I make an effort to get out into nature as often as possible. With our little prairie and woods nearby, it’s possible almost every day. Larger natural areas—Forest Glen, Fox Ridge, Spitler Woods, etc.—are within easy driving distance.

Trunk of fallen tree conforming to the contour of the ground in Forest Glen.

With my focus having been on nature for a long time, I was interested to read this piece in The Guardian:

In recent years, stressed-out urbanites have been seeking refuge in green spaces, for which the proven positive impacts on physical and mental health are often cited in arguments for more inner-city parks and accessible woodlands. The benefits of “blue space” – the sea and coastline, but also rivers, lakes, canals, waterfalls, even fountains – are less well publicised, yet the science has been consistent for at least a decade: being by water is good for body and mind.

Source: Blue spaces: why time spent near water is the secret of happiness

We do have some water right here where we live. There’s the little creek that runs behind Winfield Village and a couple of little detention ponds, and they do have some wildlife. I often see turtles, snakes, groundhogs, and many sorts of birds. I’ve occasionally seen mink, coyotes, and bald eagles.

I do feel the lack of a beach. The closest is Indiana Dunes, but it’s nearly 3 hours away. I’ve done it as a day trip, but it makes for kind of a long day.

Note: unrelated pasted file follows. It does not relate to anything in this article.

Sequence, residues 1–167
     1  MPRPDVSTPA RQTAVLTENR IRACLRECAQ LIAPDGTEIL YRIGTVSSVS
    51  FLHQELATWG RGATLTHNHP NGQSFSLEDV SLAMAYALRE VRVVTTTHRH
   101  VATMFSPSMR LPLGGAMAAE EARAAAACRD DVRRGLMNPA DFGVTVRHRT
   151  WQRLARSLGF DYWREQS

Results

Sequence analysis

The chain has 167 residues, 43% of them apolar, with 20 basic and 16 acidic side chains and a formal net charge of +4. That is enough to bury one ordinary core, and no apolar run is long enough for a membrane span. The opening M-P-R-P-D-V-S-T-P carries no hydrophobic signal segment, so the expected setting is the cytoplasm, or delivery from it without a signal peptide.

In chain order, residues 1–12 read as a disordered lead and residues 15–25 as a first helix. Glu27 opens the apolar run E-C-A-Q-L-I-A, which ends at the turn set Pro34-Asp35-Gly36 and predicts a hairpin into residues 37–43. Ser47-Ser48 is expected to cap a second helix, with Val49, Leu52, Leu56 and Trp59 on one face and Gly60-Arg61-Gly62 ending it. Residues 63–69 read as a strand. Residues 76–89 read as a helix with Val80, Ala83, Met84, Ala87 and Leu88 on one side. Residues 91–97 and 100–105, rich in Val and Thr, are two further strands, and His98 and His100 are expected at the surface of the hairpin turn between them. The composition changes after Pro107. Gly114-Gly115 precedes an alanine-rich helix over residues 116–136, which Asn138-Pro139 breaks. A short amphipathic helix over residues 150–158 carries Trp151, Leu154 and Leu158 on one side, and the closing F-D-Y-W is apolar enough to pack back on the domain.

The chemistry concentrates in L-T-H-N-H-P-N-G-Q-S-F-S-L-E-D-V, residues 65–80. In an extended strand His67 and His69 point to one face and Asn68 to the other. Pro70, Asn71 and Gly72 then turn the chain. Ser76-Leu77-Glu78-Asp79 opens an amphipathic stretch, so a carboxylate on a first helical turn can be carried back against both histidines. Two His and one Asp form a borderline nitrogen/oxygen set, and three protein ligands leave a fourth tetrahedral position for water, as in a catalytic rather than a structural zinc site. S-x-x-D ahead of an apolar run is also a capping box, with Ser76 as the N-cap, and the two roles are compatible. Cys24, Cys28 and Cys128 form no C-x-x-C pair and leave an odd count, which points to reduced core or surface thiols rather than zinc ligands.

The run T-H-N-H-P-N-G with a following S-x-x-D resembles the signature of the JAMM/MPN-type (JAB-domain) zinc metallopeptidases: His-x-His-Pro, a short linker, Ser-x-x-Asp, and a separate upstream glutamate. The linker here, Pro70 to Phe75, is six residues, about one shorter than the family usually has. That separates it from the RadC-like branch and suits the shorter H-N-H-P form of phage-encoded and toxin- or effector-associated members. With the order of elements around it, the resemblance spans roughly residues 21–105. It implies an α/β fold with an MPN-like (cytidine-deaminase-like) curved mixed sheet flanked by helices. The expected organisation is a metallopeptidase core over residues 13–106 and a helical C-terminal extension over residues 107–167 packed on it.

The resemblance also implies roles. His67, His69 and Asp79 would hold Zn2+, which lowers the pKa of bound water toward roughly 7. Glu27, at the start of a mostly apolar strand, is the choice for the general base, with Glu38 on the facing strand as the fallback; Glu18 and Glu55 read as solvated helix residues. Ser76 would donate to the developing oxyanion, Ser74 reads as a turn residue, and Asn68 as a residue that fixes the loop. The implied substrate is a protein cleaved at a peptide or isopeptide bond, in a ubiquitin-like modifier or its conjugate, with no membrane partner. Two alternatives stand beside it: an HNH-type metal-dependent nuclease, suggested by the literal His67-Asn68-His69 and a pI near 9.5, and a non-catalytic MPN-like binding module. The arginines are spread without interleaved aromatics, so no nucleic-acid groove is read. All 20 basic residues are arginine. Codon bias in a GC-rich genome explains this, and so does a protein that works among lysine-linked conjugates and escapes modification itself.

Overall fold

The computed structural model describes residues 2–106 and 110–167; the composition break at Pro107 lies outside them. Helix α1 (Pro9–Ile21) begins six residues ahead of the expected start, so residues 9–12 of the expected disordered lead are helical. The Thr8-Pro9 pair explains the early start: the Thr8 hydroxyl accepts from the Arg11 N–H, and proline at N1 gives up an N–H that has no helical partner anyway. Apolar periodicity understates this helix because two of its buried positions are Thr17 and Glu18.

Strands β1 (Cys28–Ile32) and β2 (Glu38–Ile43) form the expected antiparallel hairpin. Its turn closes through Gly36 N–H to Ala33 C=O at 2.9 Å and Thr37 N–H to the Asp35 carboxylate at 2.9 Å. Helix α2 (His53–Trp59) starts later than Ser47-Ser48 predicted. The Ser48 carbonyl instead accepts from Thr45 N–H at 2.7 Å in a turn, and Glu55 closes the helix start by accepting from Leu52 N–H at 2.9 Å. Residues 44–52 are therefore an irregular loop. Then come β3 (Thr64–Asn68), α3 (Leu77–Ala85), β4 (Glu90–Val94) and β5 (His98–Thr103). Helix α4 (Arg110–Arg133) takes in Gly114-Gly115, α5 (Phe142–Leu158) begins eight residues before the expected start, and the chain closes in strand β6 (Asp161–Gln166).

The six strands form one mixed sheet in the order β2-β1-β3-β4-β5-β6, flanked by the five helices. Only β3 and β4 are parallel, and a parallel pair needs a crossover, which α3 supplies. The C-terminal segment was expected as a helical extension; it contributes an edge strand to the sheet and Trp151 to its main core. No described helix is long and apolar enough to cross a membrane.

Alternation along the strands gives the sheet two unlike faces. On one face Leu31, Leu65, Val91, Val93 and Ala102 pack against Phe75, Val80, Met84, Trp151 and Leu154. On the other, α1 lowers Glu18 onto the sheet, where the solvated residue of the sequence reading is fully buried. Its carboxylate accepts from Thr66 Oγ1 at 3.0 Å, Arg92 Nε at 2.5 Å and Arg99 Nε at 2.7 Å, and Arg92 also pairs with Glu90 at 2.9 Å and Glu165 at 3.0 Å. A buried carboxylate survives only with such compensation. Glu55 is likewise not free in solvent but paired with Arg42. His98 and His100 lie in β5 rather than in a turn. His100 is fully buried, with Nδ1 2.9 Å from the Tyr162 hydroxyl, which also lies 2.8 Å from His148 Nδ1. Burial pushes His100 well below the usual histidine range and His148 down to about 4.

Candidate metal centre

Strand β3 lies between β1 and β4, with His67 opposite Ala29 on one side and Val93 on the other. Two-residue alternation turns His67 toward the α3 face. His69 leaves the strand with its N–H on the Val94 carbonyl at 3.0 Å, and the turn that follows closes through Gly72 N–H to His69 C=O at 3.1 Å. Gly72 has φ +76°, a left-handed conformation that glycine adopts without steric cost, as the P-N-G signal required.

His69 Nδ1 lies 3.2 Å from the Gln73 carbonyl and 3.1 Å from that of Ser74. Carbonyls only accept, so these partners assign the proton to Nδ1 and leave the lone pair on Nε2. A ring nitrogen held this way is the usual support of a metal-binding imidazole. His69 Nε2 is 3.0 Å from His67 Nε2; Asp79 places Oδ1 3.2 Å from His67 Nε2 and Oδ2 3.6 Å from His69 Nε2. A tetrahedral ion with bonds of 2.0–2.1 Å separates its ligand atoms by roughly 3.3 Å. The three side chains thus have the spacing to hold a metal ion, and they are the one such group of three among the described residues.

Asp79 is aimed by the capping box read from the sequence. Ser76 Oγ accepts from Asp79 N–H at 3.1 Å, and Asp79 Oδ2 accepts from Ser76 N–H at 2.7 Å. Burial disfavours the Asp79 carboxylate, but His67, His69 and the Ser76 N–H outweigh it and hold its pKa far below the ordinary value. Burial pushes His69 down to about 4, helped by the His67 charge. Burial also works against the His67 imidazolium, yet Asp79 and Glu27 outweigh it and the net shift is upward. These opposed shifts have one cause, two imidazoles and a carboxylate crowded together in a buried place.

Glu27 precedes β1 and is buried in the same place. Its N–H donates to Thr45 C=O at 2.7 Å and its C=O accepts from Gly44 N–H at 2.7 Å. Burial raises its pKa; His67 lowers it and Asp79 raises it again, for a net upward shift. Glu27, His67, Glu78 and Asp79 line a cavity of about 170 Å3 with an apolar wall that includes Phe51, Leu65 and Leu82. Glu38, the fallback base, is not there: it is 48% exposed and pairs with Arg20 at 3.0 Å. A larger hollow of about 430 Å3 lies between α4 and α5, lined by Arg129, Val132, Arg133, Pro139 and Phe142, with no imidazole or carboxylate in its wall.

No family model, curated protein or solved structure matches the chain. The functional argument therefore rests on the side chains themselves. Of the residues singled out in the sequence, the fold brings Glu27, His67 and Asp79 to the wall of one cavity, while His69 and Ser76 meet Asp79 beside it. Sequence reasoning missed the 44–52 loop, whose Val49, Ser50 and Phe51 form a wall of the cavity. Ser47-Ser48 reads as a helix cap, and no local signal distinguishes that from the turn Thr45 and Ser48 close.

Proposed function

Great Blue Heron departing detention pond near Lake Park Woods.

The article makes for a good reminder to be sure to include blue when you’re making sure you get out into the green.

I don’t know when I quit crawling. Probably around first grade. I’m not sure why, either. Because it was something babies did, and I was grown up, I expect.

I don’t remember my parents trying to get me to quit crawling, but I’ve seen other parents try to convince their children to stay off the ground, in the interests of either propriety or cleanliness.

At any rate, most people who crawled all the time before they were five years old have so completely lost the habit it doesn’t even occur to them as a possible way to get under or through something.